If incoming text is close enough to either of these Utterances, it will be categorised as belonging to the Sales.Lead Intent.

After you’ve trained LUIS with your Intents and Utterances, you can then test the language model through an easy to use interface in the dashboard. It also features an Inspection Window which breaks down the Utterance, the Top Scoring Intent and the presence of any Entities. You can see this in the screenshot below:

In the above image, you can also see that two sentences have been supplied in the Test window:

  • I might get a new phone
  • I should get a new phone

Both have been identified as belonging to our Intent Sales.Lead which is great, but more importantly, we didn’t even train LUIS with the phrase “I should get a new phone”.  Despite this, LUIS has still been able to identify the underlying Intent! (albeit with a slightly lower confidence scoring of 0.63).

Enrich Language Understanding with Entities

You can further enrich the data LUIS is able to identify in Utterances by defining elements of the sentence where Entities are present. For example, in the following Utterance, we can say the word phone is the Entity:

I might get a new phone

Again, using the LUIS dashboard, you create an Entity and give it a description. In this example, I’ve called it commercial_item.

You then highlight the specific section of the Utterance where the Entity is present and set this. You can see this here:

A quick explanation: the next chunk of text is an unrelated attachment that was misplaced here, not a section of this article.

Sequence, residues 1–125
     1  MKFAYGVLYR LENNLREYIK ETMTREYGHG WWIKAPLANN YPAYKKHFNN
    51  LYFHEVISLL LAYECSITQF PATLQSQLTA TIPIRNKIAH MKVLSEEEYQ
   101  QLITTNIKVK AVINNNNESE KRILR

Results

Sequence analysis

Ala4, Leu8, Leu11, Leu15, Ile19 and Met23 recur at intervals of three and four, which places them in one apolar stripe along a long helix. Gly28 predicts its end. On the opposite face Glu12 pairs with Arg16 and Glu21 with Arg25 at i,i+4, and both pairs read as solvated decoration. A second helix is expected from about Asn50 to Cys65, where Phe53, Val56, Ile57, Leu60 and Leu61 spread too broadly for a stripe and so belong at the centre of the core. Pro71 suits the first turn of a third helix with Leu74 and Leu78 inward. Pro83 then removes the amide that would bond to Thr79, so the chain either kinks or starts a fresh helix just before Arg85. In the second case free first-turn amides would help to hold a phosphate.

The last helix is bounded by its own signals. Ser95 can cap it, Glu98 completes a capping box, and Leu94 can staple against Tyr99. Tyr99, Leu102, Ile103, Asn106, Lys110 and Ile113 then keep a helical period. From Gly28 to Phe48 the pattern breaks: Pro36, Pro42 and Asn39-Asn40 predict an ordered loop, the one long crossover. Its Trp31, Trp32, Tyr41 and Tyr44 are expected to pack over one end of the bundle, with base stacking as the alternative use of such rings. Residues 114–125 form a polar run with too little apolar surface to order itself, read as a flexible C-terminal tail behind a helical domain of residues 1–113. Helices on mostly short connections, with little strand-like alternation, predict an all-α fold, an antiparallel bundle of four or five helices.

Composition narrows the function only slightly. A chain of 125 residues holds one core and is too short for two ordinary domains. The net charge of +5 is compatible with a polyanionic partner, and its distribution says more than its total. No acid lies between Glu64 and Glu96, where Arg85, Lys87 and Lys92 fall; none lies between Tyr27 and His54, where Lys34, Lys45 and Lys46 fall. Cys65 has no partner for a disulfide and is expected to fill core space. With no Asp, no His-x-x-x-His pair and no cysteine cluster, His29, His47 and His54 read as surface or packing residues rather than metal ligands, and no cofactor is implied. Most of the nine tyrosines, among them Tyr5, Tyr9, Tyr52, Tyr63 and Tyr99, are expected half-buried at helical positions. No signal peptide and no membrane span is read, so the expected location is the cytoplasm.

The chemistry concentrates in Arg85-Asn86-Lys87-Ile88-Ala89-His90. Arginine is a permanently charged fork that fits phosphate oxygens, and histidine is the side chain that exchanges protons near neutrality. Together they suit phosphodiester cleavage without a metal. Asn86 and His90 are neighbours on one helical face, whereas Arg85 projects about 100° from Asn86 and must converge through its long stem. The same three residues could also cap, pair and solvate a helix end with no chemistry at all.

After you’ve done this, you’ll notice the original Utterance has changed and the word phone has now been replaced with commercial_item. The “Entities used in this intent” section also updates to reflect the recent changes which you can see in the screen shot below:

You can then re-run the original test from the LUIS dashboard and supply the same text as before (I might get a new phone). This time, LUIS has identified the presence of an Entity and its type:

Having access to this kind of data lets you build more innovative solutions, can help you surface further data insights or even drive business rules in your application.


Configuring your LUIS application through the web dashboard is only one part of the puzzle.  After you’ve built and trained your LUIS application, you need to publish it.  Publishing your LUIS application is straightforward and can be done from the dashboard which you can see here:

When you’ve done this, you get a REST endpoint which you can then use to integrate with your existing software!

Testing and Integrating the Endpoint

I’ve used Postman to construct the request that invokes the LUIS REST endpoint we’ve just published, you can see the parameters that are being sent here – note the query “I might get a new phone”.

When this request is sent to the LUIS application, the following JSON is returned. Here you can see in the intent, confidence scoring, the entity/type and some additional entity metadata.

When you have the data in this format, you can use a library like Json.NET to deserialise it into your existing object model, thereby allowing you to integrate NLP functionality into your software application with minimal fuss!


In this blog post, we’ve looked at some of the challenges you might experience when building software that needs to process human language. We’ve looked at how LUIS offers solutions to some of these challenges, we’ve explored some of the features that LUIS has and seen how easy it is to integrate LUIS with your existing applications. With businesses such as UPS adopting LUIS, it’s a product you might want to check out!

Are you using LUIS in any of your software products or services?